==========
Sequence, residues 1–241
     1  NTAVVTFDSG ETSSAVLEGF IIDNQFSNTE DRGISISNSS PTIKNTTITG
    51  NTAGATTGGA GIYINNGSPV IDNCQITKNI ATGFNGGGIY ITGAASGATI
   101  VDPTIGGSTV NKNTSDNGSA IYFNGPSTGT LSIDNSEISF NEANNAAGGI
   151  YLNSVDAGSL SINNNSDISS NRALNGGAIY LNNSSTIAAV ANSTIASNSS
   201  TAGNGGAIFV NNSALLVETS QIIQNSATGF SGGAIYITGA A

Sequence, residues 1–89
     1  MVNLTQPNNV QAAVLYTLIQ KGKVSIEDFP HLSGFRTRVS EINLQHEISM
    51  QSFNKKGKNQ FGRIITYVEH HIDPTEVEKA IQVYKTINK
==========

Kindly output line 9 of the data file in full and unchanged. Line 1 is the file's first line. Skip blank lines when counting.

    51  QSFNKKGKNQ FGRIITYVEH HIDPTEVEKA IQVYKTINK